Point and Print is already bad enough, as it lets unprivileged Windows users — who normally aren't allowed to install system-level software — download and install printer drivers from local printers. Fortunately, Point and Print isn't found often on home PCs, being more of an enterprise thing.
But those drivers are supposed to be signed by Microsoft. Delpy found that he could get around this and deliver malicious printer drivers by having a PC connect to two similar printers at around the same time. (We don't quite understand exactly how it works.)
Will Dormann, a researcher at the U.S.-government-funded CERT Coordination Center (CERT-CC) in Pittsburgh, confirmed that Delpy's exploit "works well."
This works well.Who could have predicted that allowing non-admin users to automatically install printer drivers could have ended up being problematic? https://t.co/0c4IRwUoijJuly 17, 2021
Now, whether this the same flaw as what Baines disclosed to Microsoft, we can't tell. Delpy says his exploit works over the internet, permitting remote code execution by far-off hackers instead of just local-privilege escalation by nearby hackers. And again, Delpy's flaw doesn't really apply to home PCs, while Baines' flaw does. But they do broadly sound the same.
Dormann wrote up an official CERT-CC security bulletin that warns about Delpy's as-yet-uncatalogued flaw. The mitigations are to "block outbound SMB traffic at your network boundary" and "configure PackagePointAndPrintServerList," which won't make sense to home users.
How to disable Print Spooler
Nonetheless, home users can implement Microsoft's stop-gap solution to the catalogued flaw that was disclosed earlier. Again, this kills your ability to print, so think twice before doing this.
To disable Print Spooler, you've got to pretend you're an IT pro and fire up Windows PowerShell, which is kind of a more powerful version of the standard Windows Command Prompt tool. Fortunately, PowerShell has been built into Windows since Windows 7.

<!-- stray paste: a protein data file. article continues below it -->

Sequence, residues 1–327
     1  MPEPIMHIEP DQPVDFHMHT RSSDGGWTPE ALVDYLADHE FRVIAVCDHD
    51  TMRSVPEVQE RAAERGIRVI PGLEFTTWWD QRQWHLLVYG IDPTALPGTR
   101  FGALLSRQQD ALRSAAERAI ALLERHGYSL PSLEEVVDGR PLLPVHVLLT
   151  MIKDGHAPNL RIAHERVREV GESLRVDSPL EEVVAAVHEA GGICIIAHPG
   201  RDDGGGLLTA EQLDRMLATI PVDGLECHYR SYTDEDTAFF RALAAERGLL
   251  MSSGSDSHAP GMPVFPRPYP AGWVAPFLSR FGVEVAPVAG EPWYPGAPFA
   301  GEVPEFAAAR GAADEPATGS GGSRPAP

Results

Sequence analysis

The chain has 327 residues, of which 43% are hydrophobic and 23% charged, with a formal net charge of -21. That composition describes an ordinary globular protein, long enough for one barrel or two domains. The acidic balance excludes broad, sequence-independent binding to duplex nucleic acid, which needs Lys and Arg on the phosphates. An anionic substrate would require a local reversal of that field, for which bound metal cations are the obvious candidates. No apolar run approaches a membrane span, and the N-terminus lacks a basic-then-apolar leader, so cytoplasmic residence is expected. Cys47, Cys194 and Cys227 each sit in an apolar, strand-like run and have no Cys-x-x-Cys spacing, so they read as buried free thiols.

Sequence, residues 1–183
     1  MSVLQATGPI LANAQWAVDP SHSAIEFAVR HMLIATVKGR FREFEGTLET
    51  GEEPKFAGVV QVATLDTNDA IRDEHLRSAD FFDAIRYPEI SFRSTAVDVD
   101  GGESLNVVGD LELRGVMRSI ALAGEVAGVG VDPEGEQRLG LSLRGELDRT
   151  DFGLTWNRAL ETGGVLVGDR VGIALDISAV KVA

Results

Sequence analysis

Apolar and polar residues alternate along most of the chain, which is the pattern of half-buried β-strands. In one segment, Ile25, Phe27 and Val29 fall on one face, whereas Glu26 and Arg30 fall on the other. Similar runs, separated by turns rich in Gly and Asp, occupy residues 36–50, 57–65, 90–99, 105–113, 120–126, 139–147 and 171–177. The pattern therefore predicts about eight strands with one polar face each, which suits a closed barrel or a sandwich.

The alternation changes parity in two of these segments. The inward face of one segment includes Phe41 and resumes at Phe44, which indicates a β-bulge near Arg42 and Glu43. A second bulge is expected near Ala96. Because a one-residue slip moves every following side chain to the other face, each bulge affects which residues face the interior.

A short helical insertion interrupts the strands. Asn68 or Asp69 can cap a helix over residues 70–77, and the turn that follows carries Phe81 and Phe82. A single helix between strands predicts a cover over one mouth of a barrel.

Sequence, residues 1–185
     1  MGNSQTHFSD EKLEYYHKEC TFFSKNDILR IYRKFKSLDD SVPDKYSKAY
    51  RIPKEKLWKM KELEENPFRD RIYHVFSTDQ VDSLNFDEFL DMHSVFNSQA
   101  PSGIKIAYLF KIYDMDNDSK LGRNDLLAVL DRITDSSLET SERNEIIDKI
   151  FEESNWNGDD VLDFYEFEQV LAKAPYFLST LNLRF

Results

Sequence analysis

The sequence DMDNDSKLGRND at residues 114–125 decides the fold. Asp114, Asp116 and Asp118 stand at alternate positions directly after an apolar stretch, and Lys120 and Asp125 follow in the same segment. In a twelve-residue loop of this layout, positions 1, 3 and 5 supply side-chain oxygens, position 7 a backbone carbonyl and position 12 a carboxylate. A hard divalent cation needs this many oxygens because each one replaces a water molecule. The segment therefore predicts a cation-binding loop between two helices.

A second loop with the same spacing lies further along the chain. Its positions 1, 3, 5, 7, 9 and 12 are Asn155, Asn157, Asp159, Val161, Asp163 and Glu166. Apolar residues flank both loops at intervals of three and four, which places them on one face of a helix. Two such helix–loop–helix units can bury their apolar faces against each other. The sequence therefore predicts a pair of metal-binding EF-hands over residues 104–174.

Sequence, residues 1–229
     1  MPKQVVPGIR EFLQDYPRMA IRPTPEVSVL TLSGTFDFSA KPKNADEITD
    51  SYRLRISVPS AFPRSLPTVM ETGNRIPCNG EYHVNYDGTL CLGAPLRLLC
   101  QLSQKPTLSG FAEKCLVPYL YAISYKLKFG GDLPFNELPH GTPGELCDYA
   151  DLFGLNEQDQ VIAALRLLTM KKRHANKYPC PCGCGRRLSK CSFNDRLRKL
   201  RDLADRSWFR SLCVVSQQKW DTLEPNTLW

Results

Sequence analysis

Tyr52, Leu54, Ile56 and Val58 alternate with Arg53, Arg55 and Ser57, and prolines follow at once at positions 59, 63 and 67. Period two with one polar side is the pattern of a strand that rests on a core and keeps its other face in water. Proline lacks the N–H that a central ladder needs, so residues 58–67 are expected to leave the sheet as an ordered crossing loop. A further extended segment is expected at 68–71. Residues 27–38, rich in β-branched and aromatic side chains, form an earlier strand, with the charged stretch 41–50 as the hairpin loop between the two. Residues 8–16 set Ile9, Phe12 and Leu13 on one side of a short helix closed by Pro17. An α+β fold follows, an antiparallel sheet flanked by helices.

1. Search for "PowerShell" in the search field next to the Windows icon in the bottom left of your Windows 10 screen
2. Right-click on "Windows PowerShell" in the search results and select "Run as administrator".
3. Type in your Windows administrative password. If you already regularly run Windows as an administrator (and you shouldn't), then it's just your regular login password.
4. In the PowerShell window, type
Get-Service -Name Spooler
and then the Enter key.
You'll get a brief status report telling you whether Print Spooler is running and enabled. If it is, then take the next steps.
5. Type in
Stop-Service -Name Spooler -Force
and then hit the Enter key. This disables Print Spooler during your current Windows session.
6. Type in
Set-Service -Name Spooler -StartupType Disabled
and then hit the Enter key. This disables Print Spooler altogether until you manually restart it again.
How to re-enable Print Spooler
Of course, you'll want to make printing possible again once this flaw is fixed.
To restart Print Spooler, fire up PowerShell again, type in
Start-Service -Name Spooler -Force
and then hit the Enter key.
To make the change permanent, type in
Set-Service -Name Spooler -StartupType Enabled
and hit the Enter key.
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Paul Wagenseil is a senior editor at Tom's Guide focused on security and privacy. He has also been a dishwasher, fry cook, long-haul driver, code monkey and video editor. He's been rooting around in the information-security space for more than 15 years at FoxNews.com, SecurityNewsDaily, TechNewsDaily and Tom's Guide, has presented talks at the ShmooCon, DerbyCon and BSides Las Vegas hacker conferences, shown up in random TV news spots and even moderated a panel discussion at the CEDIA home-technology conference. You can follow his rants on Twitter at @snd_wagenseil.
Good article, but it's not really necessary to do all that Power Shell stuff, is it? I just type Task Manager in the search bar, click the Services tab, then scroll down to Spooler and right-click to turn it off. When I need to print I turn it back on, then back off when I'm done.Reply